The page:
Where to Get a Phlebotomy Certification: College Courses or Training Programs?

So, you’ve decided to become a phlebotomist: Now you need to decide where to get a phlebotomy certification.

You have two basic choices:

  1. College Courses or Training Classes
  2. Independent & Accredited Phlebotomy Training Programs

This article does not include online courses. We strongly believe that students need face-to-face learning and hands-on skills training to become serious professionals, and online classes are not sufficient in either regard.

That brings us to some fundamental questions. What makes for a skilled phlebotomist, and when certification is an option instead of a requirement? Do you need a degree for phlebotomy in Texas or just excellent training?

What’s the difference between a great phlebotomist and an average phlebotomist?

A skilled phlebotomist can draw blood quickly and painlessly from patients of all shapes, sizes, and ages.

Phlebotomists support functions across the healthcare landscape, from critical care in hospitals to charitable blood drives.

Certification is not required under Texas law, but employers expect a quality training background.

Neither colleges nor independent programs issue certifications, but they do prepare students to pass certification exams, such as the Certified Phlebotomy Technician (CPT) exam.

To succeed as a phlebotomist, you need to be skilled at what you do. That’s the bottom line. A certification tells employers that you have a strong baseline of skills. Those skills will be tested.

The sooner you learn, the faster you advance. The stronger the skillset, the wider the opportunities. Instructor quality, day-to-day convenience, and testing opportunities are your benchmarks.

How to choose between college courses or accredited certification programs.

Each one has its own set of features, so choose carefully if you want to know where to get a phlebotomy certification and training that’s right for you.

College courses require prerequisites, assessments, immunization and vaccination, and additional certifications.

To complete phlebotomy training at a college, you’ll need to pass many prerequisites:

  • A reading and math assessment
  • A criminal background check
  • CPR certification

Do you need a degree for phlebotomy? The answer is no. Still, some students may benefit from a lengthier stay, a college environment, or even math assessments. But it’s a toss-up whether these additional steps are necessary for the profession.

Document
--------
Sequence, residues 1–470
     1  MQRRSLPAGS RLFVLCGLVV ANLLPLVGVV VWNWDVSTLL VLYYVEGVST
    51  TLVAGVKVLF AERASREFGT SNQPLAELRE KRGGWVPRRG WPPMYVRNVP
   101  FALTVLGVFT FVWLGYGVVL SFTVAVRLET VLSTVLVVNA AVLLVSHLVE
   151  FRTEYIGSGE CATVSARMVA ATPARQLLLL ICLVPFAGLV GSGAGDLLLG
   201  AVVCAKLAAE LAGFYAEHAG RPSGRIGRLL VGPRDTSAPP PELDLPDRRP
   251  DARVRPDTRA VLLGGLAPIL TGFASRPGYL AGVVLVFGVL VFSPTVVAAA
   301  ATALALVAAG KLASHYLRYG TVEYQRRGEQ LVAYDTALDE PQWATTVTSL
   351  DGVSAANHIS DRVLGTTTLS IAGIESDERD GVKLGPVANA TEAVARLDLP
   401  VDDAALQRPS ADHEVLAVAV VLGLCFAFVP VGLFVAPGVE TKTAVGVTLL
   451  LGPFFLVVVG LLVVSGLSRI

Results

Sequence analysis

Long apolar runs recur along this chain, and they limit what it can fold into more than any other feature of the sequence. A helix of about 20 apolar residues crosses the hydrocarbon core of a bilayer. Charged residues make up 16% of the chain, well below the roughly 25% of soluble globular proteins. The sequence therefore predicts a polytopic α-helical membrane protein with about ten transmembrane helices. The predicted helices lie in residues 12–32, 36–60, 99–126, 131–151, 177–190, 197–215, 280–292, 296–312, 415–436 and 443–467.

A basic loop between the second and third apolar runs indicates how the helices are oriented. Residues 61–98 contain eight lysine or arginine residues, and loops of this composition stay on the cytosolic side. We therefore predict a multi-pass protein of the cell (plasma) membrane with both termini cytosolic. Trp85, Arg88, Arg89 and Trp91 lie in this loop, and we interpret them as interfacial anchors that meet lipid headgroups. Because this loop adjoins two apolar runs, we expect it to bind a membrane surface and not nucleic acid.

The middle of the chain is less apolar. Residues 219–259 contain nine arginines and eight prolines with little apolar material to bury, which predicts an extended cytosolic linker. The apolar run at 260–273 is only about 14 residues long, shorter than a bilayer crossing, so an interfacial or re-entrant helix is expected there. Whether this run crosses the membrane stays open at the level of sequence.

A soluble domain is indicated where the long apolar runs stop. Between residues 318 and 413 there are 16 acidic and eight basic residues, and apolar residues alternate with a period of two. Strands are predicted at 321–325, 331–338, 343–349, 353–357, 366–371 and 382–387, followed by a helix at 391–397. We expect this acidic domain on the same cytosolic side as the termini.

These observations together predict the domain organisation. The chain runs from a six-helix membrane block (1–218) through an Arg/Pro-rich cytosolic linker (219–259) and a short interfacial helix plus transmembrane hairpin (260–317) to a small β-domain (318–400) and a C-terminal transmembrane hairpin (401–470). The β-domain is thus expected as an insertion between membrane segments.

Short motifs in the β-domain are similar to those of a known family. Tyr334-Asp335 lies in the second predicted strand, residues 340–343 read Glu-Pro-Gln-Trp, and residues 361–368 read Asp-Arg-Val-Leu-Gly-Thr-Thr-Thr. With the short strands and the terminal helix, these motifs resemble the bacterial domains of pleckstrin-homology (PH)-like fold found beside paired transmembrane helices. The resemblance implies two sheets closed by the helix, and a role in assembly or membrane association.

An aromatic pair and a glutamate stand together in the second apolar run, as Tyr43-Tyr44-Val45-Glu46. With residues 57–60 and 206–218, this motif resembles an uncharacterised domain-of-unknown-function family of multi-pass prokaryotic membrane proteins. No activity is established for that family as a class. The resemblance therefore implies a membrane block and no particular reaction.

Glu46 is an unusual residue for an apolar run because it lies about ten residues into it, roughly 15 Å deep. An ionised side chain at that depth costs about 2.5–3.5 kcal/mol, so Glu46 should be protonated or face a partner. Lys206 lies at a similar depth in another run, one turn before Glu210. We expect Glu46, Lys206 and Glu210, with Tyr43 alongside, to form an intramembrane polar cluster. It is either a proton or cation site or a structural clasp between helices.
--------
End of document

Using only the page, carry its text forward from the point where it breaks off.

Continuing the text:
Training programs like NTX require no college degree, only a high school diploma.

All you need to start is a high school diploma to access a curriculum focused on the practical skills needed to become a phlebotomist. No other certifications or prerequisites are required.

There is value in extended coursework, and if you are financially stable with a surplus of time, consider attending college. It depends on when you want to reach your goals and what’s best for your life and education.

Training programs are generally faster and designed around life, work, and family.

Let’s use NTX as an example: The coursework takes 70 hours in total. That’s one course at one location—70 hours in seven weeks.

College programs are likely to take much longer than that. Expect around 50 hours of classroom instruction, 20 hours of prerequisites, and up to 100 hours of externship time before you pass the course and sit for your certification test.

Is NTX Training Institute the right choice for you?

So, where can you get your certification?

Ask yourself, “Do I enjoy lengthy schooling, studying for non-healthcare-related courses, and passing math exams?”

If the answer is “no,” the right choice is NTX Training Institute or someone like us—programs that focus on practical skills and classroom learning in just seven weeks.

If you’re ready to start, take a look at our convenient day and night classes.

Meet the Author
Roxanne Lozano is the founder and lead instructor of NTX Training Institute. As a certified phlebotomist with over a decade of experience, Roxanne is strong proponent of a more compassionate, collaborative, and practical approach to phlebotomy education.

“Certification is the start,” she says. “I’m focused on building careers and changing lives.”

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